Amendments Nos. 2 and 4 follow the drafting proposed by the joint scrutiny committee. I hope that your Lordships recognise that we have taken on board if not the words of the joint committee then much of their spirit.
I regret that I have to say to my noble friend Lord Puttnam that we must go our separate ways on the amendment. The Government have underpinned the duty to further the interests of consumers by promoting competition. The two are closely linked. Consumers benefit from fair, open and competitive markets. I am not sure that there is the same link between competition and the community. Indeed, the wording of Amendment No. 4, by referring to "wherever possible" instead of "where appropriate", would give competition a primacy over everything else in furthering not only consumers' but also the community's interest. Sometimes competition may not be in the interests of consumers or the community as a whole and "where appropriate" gives Ofcom the flexibility to consider what is the best approach in each circumstance. "Where possible" does not enable the same freedom of action. It is important that we maintain that flexibility for Ofcom to operate and interpret the legislation effectively.
I say to my noble friends Lord Puttnam and Lord Braggand to the noble Lord, Lord Thomson, who partially supported their commentsthat I am extremely puzzled by the references of several noble Lords, including both my noble friends, to the term "co-equality". We do not use that phrase in the Bill or refer to it as a concept. Clause 3(1) creates a single general duty to further the interests of "consumers" and of,
I say to my noble friend Lord Bragg, who quoted extensively from Barry Diller's speech, that I agree that there must be a balance of regulation in the market. There is no question in the substantial Bill of abandoning that balance. We are not the United States. I say to the noble Lord, Lord Crickhowell, who referred to the United States, that we shall hear more about that in relation to the Bill. However, this is not the United States; this is the United Kingdom. Nor does the Bill introduce a United States model to the regulation of United Kingdom communications. I do not believe that he or any other serious commentator would say that the regulatory framework that the Bill will introduce reflects a commitment to unfettered capitalism, to use Mr Diller's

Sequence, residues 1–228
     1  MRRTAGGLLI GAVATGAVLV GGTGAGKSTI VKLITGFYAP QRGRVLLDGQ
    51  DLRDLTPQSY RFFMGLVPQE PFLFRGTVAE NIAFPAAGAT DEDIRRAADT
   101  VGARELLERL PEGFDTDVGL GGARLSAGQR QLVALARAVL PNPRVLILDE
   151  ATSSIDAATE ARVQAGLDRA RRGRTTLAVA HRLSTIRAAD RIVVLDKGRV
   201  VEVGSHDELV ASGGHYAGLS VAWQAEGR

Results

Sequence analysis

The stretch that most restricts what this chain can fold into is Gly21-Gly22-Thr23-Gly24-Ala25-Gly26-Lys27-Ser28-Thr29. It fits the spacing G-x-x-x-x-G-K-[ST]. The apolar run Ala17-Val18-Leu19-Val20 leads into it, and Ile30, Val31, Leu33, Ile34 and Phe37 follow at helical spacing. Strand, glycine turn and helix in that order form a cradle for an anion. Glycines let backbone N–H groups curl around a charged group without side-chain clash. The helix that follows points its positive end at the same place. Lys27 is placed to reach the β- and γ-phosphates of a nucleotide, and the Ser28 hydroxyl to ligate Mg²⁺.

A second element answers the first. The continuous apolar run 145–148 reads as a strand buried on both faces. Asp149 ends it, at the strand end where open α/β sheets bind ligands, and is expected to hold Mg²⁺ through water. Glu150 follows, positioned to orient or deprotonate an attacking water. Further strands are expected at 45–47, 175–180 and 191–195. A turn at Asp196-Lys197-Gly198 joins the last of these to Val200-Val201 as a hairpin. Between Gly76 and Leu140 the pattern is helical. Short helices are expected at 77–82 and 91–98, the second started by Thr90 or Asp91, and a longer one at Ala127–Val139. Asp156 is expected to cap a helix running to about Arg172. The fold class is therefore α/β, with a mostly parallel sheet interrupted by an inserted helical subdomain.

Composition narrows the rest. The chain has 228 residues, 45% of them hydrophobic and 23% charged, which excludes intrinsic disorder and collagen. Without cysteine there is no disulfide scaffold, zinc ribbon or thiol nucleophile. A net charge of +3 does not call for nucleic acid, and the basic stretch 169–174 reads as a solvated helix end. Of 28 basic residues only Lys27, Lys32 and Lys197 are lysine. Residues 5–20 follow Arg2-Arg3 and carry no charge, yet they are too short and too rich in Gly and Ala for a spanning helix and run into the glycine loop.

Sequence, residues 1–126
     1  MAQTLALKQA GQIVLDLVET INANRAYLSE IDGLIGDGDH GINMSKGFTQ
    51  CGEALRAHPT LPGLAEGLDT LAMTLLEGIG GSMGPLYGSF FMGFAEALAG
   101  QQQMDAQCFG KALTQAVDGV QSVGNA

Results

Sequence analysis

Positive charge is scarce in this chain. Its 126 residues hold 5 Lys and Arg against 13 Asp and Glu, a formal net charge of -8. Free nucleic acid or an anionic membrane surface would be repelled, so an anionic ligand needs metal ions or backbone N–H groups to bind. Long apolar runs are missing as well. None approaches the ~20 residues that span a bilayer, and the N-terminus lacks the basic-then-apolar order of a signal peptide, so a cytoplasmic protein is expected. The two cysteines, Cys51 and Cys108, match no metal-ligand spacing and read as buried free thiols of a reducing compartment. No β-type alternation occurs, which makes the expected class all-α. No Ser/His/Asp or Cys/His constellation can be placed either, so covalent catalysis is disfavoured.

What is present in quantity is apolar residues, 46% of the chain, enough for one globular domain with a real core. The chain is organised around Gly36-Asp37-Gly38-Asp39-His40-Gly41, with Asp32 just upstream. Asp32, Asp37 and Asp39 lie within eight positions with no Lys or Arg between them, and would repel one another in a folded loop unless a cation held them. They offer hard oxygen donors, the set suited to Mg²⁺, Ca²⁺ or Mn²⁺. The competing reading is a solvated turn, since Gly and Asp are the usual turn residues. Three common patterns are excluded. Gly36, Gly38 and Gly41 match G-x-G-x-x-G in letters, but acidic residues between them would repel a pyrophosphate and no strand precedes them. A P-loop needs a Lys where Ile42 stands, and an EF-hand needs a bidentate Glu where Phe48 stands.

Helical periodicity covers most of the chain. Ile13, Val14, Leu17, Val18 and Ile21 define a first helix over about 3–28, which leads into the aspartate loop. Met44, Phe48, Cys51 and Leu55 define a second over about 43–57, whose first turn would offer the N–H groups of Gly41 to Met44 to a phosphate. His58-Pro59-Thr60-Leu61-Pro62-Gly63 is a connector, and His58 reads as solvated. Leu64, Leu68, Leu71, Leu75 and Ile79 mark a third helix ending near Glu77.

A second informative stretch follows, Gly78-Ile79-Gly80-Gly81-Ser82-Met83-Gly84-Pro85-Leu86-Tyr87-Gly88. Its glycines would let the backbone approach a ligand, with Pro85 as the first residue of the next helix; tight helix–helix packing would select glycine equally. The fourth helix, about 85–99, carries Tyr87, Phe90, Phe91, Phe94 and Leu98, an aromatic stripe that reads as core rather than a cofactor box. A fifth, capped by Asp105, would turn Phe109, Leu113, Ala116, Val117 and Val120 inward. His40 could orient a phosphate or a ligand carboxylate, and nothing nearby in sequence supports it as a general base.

My noble friend Lord Alli is absolutely right that clever executivesindeed, he is one of themand lawyers will try to challenge the regulator. However, it does not follow that the amendment proposed by my noble friend Lord Puttnam would make the situation any better. Nor do I accept his contention that we have created an equality of interest between consumer and market interests, for reasons that I have already given. Equality of interest is, if anything, between the consumer and the community. That is what Clause 3 states.
I have more or less answered all of the questions that were put to me. I conclude by saying that I do not believe that the effect of the amendment is, as the noble Lord, Lord Puttnam, said, to create a hierarchy in which competition is subordinate. Indeed, the actual effect is the reverse, because Ofcom would be under a duty to discharge its duty to consumers and the community as a whole by promoting competition wherever possible. Although some have argued for that, I do not believe that that is what my noble friend intends. In light of that and of my arguments for the Bill as it stands, I hope that he will withdraw the amendment.